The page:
Case Study Gentrification
Immigration and Gentrification – a case study of cultural restructuring in Flushing, Queens
Read this article[PDF, 1.4 MB]
The aim of this article is to introduce how culture and economics intertwine in urban re-structuring before and after the 1990 recession in New York City by using the case study of Flushing, Queens. My research will bring in a cultural perspective to contribute to the understanding of gentrification as economic, social and cultural restructuring under the impact of international immigration. First, this case of neighbourhood transfiguration was initially triggered by a private immigrant developer, not a cooperation, whose successes were based on factors including Taiwanese immigrants’ residential and housing preferences in the 1980s and 1990s. Ethnic residential preference and cultural tastes are cultural factors which accelerated gentrification during the early 1990s recession. The residential pattern of Asian immigrants in New York has showed the continued concentration of ethnic enclaves since the 1980s. Secondly, there has been diversification in Flushing since the 1980s, which is different from the kind of gentrification which creates a social, economic, and racial hegemony in a neighbourhood. The diversification of races and ethnicities in this neighbourhood has increased since the 1980s through the contribution of post-1965 and later post-Cold War immigrants, especially the settlement of Asian immigrants. We need to distinguish between gentrification that creates homogenous racial or ethnic communities that push immigrants out, and this new form of super-diversity gentrification, based on a transnational flow of capital that fosters diversity and uses diversity as a form of investment capital.
Suggested bibliographic reference for this article:
Huang, Weishan. Immigration and Gentrification – a case study of cultural restructuring in Flushing, Queens. Diversities. 2010, vol.12, no. 1, pp. 56-69, UNESCO. ISSN 2079-6595.
About the author:
Weishan Huang is a sociologist and a research fellow at the Max Planck Institute for the Study of Religious and Ethnic Diversity. Her work focuses mainly on migrants, ethnic communities and religious movements. Email: HuangW(at)mmg.mpg.deBack to top
Barnsbury was built in the early 19th century – approximately 1820 – as an upper middle-class suburb.However, in the period following World War II, suburbanisation fuelled the abandonment of Barnsbury as the residents fled from the working classes.Raban (1974: cited by Butler and Lees, 2006) explains “A combination of class fear and railway engineering turned a vast stretch of residential London into a no-man’s land . . . Camden Town, Holloway, Islington, were abandoned to the hopelessly entrenched working class.”As the demand for housing in the capital post World War II became greater than ever, Barnsbury became one of the city’s areas of greatest housing stress.Consequently, the properties left behind by the upper middle-class residents soon went into multi-occupation.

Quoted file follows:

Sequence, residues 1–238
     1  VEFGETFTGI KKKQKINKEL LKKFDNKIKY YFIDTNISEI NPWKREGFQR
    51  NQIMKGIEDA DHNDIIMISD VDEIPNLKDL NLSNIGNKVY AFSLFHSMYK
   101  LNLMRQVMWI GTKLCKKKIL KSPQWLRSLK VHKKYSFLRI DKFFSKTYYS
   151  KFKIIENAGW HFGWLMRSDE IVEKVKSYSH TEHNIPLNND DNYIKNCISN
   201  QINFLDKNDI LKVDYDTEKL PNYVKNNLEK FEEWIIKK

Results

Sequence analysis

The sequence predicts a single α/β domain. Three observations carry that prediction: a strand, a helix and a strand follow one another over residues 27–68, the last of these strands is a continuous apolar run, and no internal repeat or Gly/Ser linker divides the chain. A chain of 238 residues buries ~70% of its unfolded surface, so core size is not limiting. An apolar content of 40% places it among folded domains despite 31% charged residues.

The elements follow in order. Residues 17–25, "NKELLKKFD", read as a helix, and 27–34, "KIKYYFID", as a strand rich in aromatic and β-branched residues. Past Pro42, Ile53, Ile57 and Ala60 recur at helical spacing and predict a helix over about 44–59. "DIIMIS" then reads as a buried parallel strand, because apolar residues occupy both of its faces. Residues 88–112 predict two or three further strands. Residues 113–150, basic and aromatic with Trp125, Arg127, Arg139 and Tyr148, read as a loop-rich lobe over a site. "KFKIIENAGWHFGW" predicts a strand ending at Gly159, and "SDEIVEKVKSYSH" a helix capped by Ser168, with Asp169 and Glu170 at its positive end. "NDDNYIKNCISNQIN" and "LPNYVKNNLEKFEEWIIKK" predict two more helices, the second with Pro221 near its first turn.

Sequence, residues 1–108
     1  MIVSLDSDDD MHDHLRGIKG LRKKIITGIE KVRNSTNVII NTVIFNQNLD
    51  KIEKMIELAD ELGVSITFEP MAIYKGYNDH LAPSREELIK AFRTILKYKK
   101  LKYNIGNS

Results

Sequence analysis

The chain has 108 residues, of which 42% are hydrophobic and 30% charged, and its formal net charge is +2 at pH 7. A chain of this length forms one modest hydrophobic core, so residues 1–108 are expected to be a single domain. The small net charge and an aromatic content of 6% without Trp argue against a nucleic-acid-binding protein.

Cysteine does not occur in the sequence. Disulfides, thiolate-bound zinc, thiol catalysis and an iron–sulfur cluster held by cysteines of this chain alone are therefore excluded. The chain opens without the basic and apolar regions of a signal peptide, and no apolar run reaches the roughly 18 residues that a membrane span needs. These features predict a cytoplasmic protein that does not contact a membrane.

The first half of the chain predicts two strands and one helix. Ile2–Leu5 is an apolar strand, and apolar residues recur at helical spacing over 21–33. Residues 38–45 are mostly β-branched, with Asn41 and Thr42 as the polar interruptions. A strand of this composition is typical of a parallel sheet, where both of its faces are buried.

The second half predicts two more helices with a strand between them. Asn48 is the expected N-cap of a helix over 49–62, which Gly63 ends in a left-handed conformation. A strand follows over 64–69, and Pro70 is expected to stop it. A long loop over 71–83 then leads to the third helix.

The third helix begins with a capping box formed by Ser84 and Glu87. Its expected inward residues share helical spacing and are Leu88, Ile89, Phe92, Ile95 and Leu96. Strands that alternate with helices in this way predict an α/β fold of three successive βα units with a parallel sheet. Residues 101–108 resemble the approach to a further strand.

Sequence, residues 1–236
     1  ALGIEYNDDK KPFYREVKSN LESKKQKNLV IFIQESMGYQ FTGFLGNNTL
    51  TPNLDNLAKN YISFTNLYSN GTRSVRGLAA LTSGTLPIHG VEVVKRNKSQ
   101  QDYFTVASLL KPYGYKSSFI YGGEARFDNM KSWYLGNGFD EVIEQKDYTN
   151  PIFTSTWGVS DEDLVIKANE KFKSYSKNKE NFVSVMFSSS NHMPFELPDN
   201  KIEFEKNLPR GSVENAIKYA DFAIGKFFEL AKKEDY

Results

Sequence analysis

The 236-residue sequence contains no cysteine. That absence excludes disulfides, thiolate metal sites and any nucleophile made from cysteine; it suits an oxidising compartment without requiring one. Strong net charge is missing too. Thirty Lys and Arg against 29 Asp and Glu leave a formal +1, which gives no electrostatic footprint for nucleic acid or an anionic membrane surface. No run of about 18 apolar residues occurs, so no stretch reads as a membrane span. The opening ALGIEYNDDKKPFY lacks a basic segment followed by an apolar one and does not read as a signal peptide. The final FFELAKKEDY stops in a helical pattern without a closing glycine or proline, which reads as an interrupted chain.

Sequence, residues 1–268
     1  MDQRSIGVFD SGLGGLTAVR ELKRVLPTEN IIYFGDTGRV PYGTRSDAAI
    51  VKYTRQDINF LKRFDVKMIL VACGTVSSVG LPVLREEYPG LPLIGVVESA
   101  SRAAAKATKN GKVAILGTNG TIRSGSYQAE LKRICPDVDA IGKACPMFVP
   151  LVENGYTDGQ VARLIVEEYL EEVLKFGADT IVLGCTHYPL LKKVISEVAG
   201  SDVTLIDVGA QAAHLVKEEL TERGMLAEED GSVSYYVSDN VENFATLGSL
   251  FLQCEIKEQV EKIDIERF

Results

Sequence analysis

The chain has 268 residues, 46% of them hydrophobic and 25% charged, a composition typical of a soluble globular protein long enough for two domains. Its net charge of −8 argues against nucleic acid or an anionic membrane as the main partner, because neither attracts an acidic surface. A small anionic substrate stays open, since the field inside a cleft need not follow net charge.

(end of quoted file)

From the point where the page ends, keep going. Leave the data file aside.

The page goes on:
The first wave of gentrification in Barnsbury occurred between 1961 and 1975.This first generation of gentrifiers consisted of; architects, planners, university lecturers, comprehensive school teachers, social workers, medical technicians and so on.The initiation of this wave of gentrification occurred as a result of the value gap and its attendant tenurial transformation.Landlords were receiving a decreasing return on their rented property whilst developers were realising capital gains through buying rented property, evicting the then current tenants and selling it in a vacant state, with middle class personnel being a captive market.The 1957 Rent Act was utilised in Barnsbury throughout the gentrification process, where tenants were forced to leave their dwelling as a consequence of bribery and harassment by their landlords.The gentrification process in Barnsbury was aided by The 1969 Housing Act which conveyed the government’s commitment to rehabilitation rather than renewal.As a result of the implementation of this legislation, authorities were granted with the power to allocate discretionary improvement Grants.However, since the grants had to be met in equal measures by the improver, they automatically favoured the affluent improver or developer (Hamnett, 1973: cited by Butler and Lees, 2006).
Source: Google Maps
Google Street View displaying a number of houses on Hemingford Road in Barnsbury undergoing gentrification.
Throughout the 1980s and into the 1990s, a second wave of gentrification occurred throughout Barnsbury.This second generation of gentrifiers were a wealthier group of professionals than the pioneer gentrifiers and were overwhelmingly represented in Social Class 1 – Higher Managerial and Professional.In the period from 1981-1991, the only social class in Barnsbury to witness an increase in numbers was Social Class 1.House prices in Barnsbury rose year on year following the start of the initial gentrification, with the average sales price of all houses rising from £1200 in 1955 to £208,125 in 1991 (Lees, 1994b: cited by Butler and Lees, 2006).However, the recession affected the property prices as the flow of capital became constricted after this period.As well as this, the tenure of housing in Barnsbury changed throughout the gentrification process; the percentage of owner occupied housing increased from only 7% of properties in 1961, to a staggering 34% in 2001.
Corporate participation increased in Barnsbury as gentrification progressed. This was notably evident in the commercial gentrification of Upper Street, where, by the late 1990s, it had become an upscale consumption playground for the rich living in its adjacent streets and squares. Islington Borough Council subsidised the redevelopment of Upper Street and, as its reputation grew, it attracted increasingly more expensive shops and restaurants (Butler and Lees, 2006).